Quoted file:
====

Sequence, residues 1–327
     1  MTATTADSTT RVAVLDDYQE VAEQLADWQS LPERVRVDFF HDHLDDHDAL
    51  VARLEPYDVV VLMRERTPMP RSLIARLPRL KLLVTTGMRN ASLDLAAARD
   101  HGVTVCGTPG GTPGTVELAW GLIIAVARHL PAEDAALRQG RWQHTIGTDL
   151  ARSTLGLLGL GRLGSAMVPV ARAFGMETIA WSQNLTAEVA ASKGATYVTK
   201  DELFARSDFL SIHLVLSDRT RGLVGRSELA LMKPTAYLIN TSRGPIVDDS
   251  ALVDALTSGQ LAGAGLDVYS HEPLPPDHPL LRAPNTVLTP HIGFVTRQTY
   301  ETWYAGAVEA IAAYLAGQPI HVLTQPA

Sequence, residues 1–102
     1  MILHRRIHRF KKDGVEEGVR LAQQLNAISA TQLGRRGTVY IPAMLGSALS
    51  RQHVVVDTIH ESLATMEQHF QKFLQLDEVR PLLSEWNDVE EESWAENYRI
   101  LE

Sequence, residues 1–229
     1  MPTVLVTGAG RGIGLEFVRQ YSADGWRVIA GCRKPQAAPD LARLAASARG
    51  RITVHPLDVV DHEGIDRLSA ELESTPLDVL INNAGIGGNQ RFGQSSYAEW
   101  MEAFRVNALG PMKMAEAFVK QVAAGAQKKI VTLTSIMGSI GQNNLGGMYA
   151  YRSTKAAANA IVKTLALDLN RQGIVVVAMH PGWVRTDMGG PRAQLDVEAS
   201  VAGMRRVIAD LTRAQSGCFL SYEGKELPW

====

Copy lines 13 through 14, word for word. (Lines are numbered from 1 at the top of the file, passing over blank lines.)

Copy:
Sequence, residues 1–229
     1  MPTVLVTGAG RGIGLEFVRQ YSADGWRVIA GCRKPQAAPD LARLAASARG